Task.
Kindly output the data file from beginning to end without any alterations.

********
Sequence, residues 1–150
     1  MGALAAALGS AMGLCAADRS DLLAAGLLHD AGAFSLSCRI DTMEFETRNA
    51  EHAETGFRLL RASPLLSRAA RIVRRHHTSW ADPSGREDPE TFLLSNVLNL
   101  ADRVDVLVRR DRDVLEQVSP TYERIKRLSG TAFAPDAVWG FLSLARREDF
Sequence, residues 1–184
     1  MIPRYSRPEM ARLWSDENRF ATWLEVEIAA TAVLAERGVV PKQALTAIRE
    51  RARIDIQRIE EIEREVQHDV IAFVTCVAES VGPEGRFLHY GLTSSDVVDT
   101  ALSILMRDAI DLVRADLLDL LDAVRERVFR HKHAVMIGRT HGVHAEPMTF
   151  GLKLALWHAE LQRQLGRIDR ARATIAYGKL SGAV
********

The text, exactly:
Sequence, residues 1–150
     1  MGALAAALGS AMGLCAADRS DLLAAGLLHD AGAFSLSCRI DTMEFETRNA
    51  EHAETGFRLL RASPLLSRAA RIVRRHHTSW ADPSGREDPE TFLLSNVLNL
   101  ADRVDVLVRR DRDVLEQVSP TYERIKRLSG TAFAPDAVWG FLSLARREDF
Sequence, residues 1–184
     1  MIPRYSRPEM ARLWSDENRF ATWLEVEIAA TAVLAERGVV PKQALTAIRE
    51  RARIDIQRIE EIEREVQHDV IAFVTCVAES VGPEGRFLHY GLTSSDVVDT
   101  ALSILMRDAI DLVRADLLDL LDAVRERVFR HKHAVMIGRT HGVHAEPMTF
   151  GLKLALWHAE LQRQLGRIDR ARATIAYGKL SGAV